Before you can roll up your sleeves and get to work repainting your bike’s frame, there are a few things you need to consider. These include the tools you’ll need and the decisions you’ll have to make for how to strip the old paint and apply the new.
Stock Up on the Right Tools
Disassembling a bicycle can be quite a challenge.
If you’ve never done it before, you probably don’t have all the tools you need, even if you have wrenches and what-nots hanging on your garage’s wall.
Park Tool, a Saint Paul, Minnesota-based company that’s been making bike tools since 1963, has a really useful section on its website that can help you identify the right tool for every bike park; use it.
As an alternative, Men’s Journal’s Charboneau suggests finding a bike shop with open benches where you can work on your bike—with their tools—for a fee. The fee is usually much lower than buying the tools, so consider this option if you won’t necessarily need the tools after the paint job.
Decide How to Strip Off the Old Paint
The most effective way to remove the old paint from your bike’s frame is to disassemble the bike and take the frame to a paint shop that can blast it for you.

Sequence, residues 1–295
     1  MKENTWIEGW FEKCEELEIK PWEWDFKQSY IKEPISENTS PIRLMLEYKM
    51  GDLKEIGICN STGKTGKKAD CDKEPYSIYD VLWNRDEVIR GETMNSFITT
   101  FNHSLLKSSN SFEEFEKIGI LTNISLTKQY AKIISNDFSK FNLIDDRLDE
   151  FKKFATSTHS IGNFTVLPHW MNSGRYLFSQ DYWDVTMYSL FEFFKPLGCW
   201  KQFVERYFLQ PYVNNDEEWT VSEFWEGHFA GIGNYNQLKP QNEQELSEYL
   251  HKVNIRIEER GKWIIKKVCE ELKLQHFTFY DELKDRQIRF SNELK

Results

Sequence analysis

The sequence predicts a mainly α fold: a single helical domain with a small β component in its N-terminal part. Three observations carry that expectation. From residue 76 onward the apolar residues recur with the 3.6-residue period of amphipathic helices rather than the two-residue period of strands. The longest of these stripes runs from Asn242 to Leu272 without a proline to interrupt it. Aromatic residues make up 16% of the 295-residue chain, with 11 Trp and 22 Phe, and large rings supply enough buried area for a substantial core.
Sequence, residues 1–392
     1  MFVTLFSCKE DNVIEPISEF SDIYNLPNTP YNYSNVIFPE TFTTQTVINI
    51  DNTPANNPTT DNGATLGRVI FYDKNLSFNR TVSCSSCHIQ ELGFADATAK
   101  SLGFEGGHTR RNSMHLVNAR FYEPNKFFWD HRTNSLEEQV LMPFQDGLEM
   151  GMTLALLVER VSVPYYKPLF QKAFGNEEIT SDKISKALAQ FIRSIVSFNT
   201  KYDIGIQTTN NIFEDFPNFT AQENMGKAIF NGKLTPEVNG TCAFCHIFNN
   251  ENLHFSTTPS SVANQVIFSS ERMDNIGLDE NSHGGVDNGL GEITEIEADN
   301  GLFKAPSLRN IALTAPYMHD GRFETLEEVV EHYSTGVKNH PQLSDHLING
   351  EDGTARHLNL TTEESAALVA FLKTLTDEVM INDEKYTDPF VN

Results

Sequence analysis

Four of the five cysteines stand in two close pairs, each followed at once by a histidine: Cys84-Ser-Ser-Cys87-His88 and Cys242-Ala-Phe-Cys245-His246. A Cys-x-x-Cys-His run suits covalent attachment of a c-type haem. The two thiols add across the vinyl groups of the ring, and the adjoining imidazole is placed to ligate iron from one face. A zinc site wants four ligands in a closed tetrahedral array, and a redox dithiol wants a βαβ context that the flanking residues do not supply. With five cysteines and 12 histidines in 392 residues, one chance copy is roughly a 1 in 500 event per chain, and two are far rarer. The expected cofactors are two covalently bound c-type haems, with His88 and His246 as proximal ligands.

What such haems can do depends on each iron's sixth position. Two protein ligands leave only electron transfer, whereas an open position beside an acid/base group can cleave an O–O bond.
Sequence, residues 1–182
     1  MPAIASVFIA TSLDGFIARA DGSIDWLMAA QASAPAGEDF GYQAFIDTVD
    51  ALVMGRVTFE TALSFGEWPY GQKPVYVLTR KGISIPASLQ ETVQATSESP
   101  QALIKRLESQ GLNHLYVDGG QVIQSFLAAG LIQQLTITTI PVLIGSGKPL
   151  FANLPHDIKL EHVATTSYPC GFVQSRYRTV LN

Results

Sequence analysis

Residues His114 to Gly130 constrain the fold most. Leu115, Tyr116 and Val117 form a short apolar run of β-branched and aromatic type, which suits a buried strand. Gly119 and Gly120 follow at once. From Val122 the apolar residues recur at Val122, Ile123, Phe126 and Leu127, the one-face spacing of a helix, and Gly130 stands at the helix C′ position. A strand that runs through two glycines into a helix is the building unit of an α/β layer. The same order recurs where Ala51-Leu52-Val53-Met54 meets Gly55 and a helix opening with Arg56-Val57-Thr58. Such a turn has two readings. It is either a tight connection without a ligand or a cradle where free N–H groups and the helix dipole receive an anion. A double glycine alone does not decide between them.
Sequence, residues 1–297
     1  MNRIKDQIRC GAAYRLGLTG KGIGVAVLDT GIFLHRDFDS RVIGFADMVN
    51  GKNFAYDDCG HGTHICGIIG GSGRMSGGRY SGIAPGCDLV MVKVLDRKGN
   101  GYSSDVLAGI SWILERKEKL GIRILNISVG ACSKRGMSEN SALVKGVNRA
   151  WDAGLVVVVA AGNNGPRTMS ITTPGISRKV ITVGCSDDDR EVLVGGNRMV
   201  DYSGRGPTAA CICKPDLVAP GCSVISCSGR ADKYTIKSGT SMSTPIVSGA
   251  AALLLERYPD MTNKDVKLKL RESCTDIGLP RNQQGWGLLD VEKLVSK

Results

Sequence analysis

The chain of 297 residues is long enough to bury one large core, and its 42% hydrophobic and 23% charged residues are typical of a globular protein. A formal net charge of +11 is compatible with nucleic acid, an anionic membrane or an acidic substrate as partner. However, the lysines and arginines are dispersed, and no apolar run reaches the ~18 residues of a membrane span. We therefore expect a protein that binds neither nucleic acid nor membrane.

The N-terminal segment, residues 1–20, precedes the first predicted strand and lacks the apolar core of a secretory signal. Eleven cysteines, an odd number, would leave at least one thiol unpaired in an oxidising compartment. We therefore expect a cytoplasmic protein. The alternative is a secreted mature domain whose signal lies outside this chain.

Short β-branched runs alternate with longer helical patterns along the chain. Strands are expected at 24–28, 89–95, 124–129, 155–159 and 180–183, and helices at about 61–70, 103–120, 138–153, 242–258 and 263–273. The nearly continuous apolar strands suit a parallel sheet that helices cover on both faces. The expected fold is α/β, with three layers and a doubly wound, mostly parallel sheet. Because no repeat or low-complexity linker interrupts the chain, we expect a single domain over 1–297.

Steel frames can be sandblasted, while aluminum and titanium frames shouldn’t. The good news is that you can still have them blasted, provided you talk to the guys and gals at the shop and ask them to use softer blasting media like glass beads, plastic beads, crushed walnut shells, or baking soda.
Carbon frames shouldn’t never be blasted. This can damage the fibers and cause the frame to fatigue and fail prematurely. Considering how much these frames cost, this is the last thing you want to do. Use paint stripper instead.
Select What Paint to Use (And How to Apply It)
If you want to repaint your bicycle’s frame yourself, you generally have two types of paint to choose from: brush paint and spray paint.
Brush paint is paint that you apply to the frame with a brush. As John “Drizzle Paint” Allen explains at the late and great Sheldon Brown’s website, you can either use enamel paint or marine-epoxy enamel paint. The former takes forever to dry, so, nine times out of ten, you want to go for the latter.